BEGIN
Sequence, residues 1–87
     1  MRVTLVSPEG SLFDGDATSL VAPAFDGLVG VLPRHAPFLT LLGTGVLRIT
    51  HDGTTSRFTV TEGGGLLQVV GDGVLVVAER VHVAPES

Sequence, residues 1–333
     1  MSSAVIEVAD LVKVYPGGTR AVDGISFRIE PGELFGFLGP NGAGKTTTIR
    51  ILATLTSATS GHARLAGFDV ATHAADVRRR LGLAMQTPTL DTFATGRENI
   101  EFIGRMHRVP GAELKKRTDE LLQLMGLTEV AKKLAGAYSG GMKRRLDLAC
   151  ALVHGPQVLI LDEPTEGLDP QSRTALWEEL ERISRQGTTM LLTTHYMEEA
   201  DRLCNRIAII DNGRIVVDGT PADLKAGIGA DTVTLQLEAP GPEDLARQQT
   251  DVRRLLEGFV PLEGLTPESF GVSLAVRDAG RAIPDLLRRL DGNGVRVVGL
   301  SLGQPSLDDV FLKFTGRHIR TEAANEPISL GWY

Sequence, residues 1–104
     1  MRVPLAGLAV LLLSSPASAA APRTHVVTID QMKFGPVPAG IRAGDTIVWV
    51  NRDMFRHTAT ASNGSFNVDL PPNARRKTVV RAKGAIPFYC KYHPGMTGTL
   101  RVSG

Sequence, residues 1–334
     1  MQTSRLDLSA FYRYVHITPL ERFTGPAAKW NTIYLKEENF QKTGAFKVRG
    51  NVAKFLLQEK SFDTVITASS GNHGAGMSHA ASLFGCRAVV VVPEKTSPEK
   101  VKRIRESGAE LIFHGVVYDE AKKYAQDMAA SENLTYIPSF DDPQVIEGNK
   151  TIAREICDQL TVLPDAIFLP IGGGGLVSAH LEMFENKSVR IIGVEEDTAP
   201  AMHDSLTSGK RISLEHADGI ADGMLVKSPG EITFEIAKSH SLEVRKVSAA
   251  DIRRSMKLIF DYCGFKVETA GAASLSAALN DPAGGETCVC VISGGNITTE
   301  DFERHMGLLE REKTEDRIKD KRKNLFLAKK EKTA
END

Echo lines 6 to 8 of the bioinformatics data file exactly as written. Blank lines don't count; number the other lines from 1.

    51  ILATLTSATS GHARLAGFDV ATHAADVRRR LGLAMQTPTL DTFATGRENI
   101  EFIGRMHRVP GAELKKRTDE LLQLMGLTEV AKKLAGAYSG GMKRRLDLAC
   151  ALVHGPQVLI LDEPTEGLDP QSRTALWEEL ERISRQGTTM LLTTHYMEEA